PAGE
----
Despite posting another loss in the year, the club's operating expenses actually fell, from £104.9m to £97.6m. This was largely down to a reduction in the wage bill, falling 9.6% to £57.9m. The club's turnover, though, also fell, to £75.5m - not least because of the club's poorer placing in the Premier League table last season. As a result, the club's wages to turnover ratio sits at around 77%. This is an improvement on the lofty 82% it sat at back in 2009-10, yet still comfortably exceeds the 70% figure advised by UEFA. Given the number of sub-standard players in the Sunderland squad, it is hard not to think that value for money isn't forthcoming.
Promisingly, there was a small rise in the club's 'Conferencing, banqueting and catering' revenues. This was likely down to increased activity via the group's 1879 Events Management wing. Sponsorship and royalties, too, saw a rise (up from £9.2m to £10.7m), but other areas meant an overall 3% decline in turnover.
Gate receipts dropped from 2012, though will likely rise in this current season given the club's increased amount of games due to two strong performances in the cup competitions. Like most other clubs, the bulk of Sunderland's revenue comes from television and media quarters, and this too saw a fall in 2013 - down from £47m to £44.9m.
As stated, this year will see a substantial rise in those television revenues. However, it is in this area where the reality of relegation this summer would truly hit. A drop into the Championship is widely expected to see a dramatic fall of around £40m. Strong suggestions are that many among the club playing staff have 40% wage cuts written into their contracts should relegation occur but, even so, the loss of such a vast amount of revenue would be an enormous blow to the club's coffers. Assuming that £19m sum bandied about earlier is correct, relegation would see TV revenues drop from roughly £64m this term to just £24m in 2014-15. Given that, in these 2012-13 figures, TV money made up almost 60% of the club's overall turnover, the implications are fairly stark.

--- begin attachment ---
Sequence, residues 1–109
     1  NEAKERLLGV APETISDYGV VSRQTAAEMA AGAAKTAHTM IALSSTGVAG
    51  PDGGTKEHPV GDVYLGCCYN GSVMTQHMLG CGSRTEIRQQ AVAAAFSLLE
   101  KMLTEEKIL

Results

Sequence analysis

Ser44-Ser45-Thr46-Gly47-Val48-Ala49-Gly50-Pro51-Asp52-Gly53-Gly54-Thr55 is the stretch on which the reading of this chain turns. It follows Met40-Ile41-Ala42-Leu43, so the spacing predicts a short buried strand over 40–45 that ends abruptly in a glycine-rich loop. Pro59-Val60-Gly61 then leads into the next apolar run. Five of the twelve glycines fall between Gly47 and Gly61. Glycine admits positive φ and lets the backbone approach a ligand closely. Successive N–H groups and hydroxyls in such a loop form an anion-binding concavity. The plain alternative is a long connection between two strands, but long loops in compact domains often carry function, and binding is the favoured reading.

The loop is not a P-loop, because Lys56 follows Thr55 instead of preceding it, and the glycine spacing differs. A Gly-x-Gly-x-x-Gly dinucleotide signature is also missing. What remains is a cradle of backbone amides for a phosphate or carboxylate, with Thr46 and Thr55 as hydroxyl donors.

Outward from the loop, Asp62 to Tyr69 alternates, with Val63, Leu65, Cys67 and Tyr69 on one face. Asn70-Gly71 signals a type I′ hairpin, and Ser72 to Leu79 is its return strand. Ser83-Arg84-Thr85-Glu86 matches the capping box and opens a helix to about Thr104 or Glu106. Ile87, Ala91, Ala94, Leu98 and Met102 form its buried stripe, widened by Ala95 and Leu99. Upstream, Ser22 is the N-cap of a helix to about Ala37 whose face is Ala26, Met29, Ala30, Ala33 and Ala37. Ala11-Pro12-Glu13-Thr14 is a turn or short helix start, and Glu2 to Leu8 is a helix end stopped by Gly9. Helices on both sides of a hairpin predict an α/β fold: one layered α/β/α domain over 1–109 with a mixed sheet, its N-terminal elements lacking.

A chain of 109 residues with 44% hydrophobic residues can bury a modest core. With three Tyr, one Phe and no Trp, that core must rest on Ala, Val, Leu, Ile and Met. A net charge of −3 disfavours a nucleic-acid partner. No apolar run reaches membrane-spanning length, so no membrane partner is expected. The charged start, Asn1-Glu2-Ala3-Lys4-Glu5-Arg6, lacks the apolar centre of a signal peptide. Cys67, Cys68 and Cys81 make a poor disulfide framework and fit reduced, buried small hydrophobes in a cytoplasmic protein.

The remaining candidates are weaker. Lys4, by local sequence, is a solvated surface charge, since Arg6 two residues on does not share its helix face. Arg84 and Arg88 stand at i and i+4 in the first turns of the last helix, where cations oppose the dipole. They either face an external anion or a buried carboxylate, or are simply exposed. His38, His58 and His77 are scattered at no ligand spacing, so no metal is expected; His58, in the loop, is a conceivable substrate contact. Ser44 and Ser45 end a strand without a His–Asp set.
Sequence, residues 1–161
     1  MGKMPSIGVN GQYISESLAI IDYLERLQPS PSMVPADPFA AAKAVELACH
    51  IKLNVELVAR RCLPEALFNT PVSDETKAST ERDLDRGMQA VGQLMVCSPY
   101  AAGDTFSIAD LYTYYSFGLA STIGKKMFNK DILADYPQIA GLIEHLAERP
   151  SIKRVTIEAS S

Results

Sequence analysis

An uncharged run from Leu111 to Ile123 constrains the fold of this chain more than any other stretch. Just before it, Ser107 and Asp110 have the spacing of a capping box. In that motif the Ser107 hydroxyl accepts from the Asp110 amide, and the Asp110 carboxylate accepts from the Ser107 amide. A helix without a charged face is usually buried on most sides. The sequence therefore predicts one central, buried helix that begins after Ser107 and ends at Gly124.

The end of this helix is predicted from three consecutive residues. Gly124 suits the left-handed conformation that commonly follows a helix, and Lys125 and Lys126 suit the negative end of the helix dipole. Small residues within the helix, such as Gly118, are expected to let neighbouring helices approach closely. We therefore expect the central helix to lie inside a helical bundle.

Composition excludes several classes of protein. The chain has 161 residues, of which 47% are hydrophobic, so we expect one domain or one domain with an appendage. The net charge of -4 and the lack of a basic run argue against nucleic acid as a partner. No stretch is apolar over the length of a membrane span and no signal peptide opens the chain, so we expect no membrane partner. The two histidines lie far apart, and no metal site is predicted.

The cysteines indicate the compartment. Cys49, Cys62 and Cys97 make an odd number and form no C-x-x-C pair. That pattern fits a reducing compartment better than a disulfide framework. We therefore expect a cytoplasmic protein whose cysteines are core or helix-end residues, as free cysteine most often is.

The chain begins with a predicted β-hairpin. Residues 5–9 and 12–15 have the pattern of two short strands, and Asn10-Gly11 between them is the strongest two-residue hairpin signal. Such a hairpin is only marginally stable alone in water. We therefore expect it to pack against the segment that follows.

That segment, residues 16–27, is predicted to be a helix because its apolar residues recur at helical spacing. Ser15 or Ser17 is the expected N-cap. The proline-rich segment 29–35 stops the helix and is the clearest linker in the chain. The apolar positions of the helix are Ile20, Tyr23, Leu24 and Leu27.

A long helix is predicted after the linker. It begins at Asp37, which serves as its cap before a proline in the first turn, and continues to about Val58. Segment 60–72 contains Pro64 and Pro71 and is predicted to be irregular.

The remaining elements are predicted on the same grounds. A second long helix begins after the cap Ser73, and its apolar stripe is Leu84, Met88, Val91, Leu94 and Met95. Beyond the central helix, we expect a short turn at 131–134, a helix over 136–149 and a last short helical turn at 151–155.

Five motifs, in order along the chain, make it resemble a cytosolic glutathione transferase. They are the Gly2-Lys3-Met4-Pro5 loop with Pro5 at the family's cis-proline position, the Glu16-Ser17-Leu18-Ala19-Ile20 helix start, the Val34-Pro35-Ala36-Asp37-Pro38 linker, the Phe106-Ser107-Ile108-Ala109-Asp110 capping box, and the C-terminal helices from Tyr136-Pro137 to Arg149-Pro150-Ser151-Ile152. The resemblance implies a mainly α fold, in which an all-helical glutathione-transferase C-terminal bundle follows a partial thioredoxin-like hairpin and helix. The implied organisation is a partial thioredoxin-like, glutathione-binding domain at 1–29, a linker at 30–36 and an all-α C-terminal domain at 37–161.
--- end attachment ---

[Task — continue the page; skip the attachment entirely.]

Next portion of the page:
Moving on, perhaps the most alarming discovery - and one which plenty in the media have seized upon - is the rapid increase in the club's overdraft. From £11.4m in 2012, the overdraft on 31 July 2013 stood at £39.1m, a more than threefold increase in just twelve months. In addition, the club has a bank loan of £27m, and both this and the overdraft expire in 2014, though the club is expected to renew both of these facilities. In the (unlikely) event that renewal is not forthcoming, "funding will be obtained from the ultimate controlling party" - that's Ellis Short, to you and me.